Mutating a const?

It’s important to know that although we can’t reassign an object declared with const , we can still mutate it, meaning we can add new properties and change the properties that are there.
The above confuses me:
If you can mutate the value of a const how is it a const?

The idea is to prevent a complete overwrite of an object. In most cases you don’t want a completely constant, never changing object and so this is expected behaviour. However it’s important to understand what the value of a constant is. If we look at a couple of examples:

const singleNumber = 5; singleNumber = 8; console.log(singleNumber);

We can see from the above that trying to change singleNumber throws an error. We could consider this trying to change the value of the variable, but it’s really just trying to reassign the variable to a new value. As such, the const keyword prevents this.

const singleObject = {"key": "value", "keyNum": 5}; singleObject = {"newKey": "newValue", "newKeyNum": 6}; console.log(singleObject);

If we look at this, we can see the same thing happens as above. We tried to reassign the singleObject object to a completely new value and we were prevented by the const variable.

const singleObject = {"key": "value", "keyNum": 5}; singleObject.key = "newValue"; console.log(singleObject); singleObject.newKey = "anotherValue"; console.log(singleObject);

Here however we can see the changes happening as we would not necessarily expect from a const. However this is perfectly consistent. The variable is not being reassigned to a new object, a specific property of the object is having it’s value changed, and that does matter. As stated initially, it’s very rare you have an object that is completely fixed and unchanging and therefore you want to be able to change properties, however that doesn’t mean you want to overwrite the object entirely. So const comes in handy there, keeping the object from being reassigned without preventing you from altering properties. It may seem strange as technically it’s not constant however from the scripts perspective it is, as it’s the same object in the same block of memory.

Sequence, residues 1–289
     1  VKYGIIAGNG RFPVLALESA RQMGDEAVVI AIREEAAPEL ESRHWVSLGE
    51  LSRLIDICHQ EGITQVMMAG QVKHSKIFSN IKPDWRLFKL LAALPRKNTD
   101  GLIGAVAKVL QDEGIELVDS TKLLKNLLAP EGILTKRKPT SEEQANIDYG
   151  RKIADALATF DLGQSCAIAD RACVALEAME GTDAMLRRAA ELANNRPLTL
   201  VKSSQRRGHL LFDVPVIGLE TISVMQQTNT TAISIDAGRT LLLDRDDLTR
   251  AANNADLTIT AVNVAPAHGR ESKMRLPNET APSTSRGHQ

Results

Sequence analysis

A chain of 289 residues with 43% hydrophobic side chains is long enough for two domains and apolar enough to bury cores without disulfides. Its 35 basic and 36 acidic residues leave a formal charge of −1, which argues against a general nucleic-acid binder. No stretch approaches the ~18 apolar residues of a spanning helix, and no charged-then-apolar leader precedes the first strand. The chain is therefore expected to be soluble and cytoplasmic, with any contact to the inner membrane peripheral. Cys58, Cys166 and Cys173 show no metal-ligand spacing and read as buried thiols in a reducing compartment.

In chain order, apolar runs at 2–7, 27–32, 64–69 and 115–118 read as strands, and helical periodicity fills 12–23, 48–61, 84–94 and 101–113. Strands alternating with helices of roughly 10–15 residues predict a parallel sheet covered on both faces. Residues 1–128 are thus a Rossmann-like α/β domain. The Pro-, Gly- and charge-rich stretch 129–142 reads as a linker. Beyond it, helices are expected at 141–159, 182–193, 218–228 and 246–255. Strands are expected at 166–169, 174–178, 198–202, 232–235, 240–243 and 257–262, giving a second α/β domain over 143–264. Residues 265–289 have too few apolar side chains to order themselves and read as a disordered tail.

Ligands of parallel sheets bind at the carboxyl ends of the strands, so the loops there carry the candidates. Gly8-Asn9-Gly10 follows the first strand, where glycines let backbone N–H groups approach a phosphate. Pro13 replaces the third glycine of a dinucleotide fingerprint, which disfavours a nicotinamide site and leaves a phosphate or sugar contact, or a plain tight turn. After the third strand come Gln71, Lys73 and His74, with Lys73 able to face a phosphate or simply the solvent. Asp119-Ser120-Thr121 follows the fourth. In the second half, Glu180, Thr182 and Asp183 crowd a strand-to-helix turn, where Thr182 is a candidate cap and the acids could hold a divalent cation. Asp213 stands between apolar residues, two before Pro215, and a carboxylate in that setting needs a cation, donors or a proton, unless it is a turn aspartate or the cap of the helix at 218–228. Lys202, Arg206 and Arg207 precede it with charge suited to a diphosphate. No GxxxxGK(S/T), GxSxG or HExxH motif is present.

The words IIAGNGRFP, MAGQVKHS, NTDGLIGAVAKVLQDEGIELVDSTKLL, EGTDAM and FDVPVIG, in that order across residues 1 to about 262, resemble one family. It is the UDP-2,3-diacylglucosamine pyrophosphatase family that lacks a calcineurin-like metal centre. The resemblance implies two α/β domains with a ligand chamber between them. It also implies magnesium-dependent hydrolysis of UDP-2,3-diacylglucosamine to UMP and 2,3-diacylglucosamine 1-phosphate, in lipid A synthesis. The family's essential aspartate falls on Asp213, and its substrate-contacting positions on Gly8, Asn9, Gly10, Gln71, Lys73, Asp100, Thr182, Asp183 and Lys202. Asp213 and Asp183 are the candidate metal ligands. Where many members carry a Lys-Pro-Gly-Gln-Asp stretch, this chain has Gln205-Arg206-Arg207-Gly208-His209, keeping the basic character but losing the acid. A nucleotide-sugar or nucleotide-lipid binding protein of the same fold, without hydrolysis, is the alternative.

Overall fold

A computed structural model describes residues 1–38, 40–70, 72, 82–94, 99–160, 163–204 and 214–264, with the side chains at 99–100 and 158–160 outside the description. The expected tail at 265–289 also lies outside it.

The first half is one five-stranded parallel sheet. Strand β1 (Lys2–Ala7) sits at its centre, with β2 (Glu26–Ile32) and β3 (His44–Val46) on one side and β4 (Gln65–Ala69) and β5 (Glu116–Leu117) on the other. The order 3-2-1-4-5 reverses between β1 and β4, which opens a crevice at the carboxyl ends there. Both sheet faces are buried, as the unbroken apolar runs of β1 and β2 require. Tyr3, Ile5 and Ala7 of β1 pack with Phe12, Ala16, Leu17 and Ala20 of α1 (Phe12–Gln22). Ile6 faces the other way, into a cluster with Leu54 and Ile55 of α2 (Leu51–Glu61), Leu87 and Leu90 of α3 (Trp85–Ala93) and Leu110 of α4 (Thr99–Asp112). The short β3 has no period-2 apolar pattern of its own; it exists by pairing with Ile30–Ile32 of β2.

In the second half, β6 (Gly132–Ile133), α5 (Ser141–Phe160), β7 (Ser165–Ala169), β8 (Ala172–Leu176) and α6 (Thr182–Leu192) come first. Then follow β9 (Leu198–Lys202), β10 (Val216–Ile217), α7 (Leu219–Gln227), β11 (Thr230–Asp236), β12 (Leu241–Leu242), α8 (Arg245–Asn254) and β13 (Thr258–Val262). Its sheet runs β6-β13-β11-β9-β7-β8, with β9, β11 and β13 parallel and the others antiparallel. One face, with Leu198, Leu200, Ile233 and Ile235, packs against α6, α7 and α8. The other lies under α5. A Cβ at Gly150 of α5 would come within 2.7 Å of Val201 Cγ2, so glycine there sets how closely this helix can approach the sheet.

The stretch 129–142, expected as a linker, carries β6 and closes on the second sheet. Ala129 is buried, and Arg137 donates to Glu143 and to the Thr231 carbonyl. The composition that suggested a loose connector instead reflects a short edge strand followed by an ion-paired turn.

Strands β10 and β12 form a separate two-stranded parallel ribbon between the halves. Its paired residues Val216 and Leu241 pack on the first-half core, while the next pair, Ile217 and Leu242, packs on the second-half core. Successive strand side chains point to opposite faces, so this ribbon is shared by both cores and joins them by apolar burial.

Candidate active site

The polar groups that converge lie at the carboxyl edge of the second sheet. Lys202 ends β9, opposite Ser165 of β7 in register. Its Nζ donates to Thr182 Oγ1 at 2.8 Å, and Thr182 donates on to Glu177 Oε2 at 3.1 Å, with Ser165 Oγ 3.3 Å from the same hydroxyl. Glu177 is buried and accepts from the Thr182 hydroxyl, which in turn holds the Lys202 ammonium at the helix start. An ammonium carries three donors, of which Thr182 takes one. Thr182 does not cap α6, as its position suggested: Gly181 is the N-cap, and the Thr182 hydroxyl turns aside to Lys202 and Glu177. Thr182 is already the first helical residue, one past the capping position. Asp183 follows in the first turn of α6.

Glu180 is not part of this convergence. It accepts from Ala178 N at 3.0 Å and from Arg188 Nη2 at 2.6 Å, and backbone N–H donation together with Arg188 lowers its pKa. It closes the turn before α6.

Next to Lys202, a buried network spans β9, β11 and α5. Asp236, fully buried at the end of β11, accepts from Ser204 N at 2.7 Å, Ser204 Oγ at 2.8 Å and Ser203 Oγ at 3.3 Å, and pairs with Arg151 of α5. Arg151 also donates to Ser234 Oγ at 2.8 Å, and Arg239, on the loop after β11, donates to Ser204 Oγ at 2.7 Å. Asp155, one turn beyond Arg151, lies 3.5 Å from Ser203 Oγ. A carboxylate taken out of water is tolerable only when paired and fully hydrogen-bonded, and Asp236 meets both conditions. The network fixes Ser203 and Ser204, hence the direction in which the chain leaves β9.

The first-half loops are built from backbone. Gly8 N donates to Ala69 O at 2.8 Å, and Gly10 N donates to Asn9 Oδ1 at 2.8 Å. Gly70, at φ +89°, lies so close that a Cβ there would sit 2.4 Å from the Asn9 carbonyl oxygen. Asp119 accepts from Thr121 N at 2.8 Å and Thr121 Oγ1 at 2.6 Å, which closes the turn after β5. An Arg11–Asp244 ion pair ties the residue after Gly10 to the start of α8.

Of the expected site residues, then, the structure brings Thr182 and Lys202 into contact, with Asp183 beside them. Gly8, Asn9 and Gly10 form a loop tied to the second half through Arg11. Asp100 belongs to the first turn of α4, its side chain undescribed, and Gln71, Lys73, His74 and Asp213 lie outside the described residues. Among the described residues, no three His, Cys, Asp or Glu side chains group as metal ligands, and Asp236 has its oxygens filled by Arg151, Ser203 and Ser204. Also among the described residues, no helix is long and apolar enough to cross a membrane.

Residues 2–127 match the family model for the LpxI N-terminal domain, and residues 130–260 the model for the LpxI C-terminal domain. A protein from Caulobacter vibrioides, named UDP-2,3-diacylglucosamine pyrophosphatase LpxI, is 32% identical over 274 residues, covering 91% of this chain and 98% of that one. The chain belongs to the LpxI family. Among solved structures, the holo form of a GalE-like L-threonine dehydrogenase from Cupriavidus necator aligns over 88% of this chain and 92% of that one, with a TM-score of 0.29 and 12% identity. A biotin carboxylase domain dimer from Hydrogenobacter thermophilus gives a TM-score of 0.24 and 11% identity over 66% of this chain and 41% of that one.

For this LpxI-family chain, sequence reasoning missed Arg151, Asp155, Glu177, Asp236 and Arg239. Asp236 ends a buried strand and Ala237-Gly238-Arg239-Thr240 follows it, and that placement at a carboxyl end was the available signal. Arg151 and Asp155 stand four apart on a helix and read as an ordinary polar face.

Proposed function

If you want a truly fixed object that cannot be changed at all, you can actually use Object.freeze() to have a truly constant object that cannot be changed. However it’s unlikely this will be necessary in most JS applications, as they will usually be web based and therefore object changes can be prevented by using the UI effectively. See below for the freeze() example.

const singleObject = {"key": "value", "keyNum": 5}; singleObject.key = "newValue"; console.log(singleObject); singleObject.newKey = "anotherValue"; console.log(singleObject); Object.freeze(singleObject); singleObject.newKey = "aFurtherValue"; console.log(singleObject);
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Thanks for this exhaustive explanation.
Very informative.
Being a beginner I am not sure about the practical application of this.
But I can see the principal.
Excellent explanation.
Thank you

Just as a quick example to hopefully illustrate, lets say you have a School object:

const ridgemontHigh = {
   name: "Ridgemont High",
   type: "High School",
   numberOfStudents: 650,
   subjects: ["Mathematics", "English", "French", "Geography"]

Now of course, you make this a constant because the last thing you want is someone overwriting your school data! But say you expand the school, and you can now take 800 students, and you also now teach music. Well, you can make these changes even though it’s a constant.

ridgemontHigh.numberOfStudents = 800;

With this, you have amended the properties of the school to accurately reflect the new expansion of the school. However if you tried to overwrite the variable with a new object, then this wouldn’t be possible as it would be disallowed by the const keyword. I’ve also included the full code in a codebyte below if you want to see it in action.

const ridgemontHigh = { name: "Ridgemont High", type: "High School", numberOfStudents: 650, subjects: ["Mathematics", "English", "French", "Geography"] } console.log(ridgemontHigh); ridgemontHigh.numberOfStudents = 800; ridgemontHigh.subjects.push("Music"); console.log(ridgemontHigh);
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Thank you for taking the time and giveng a good explanation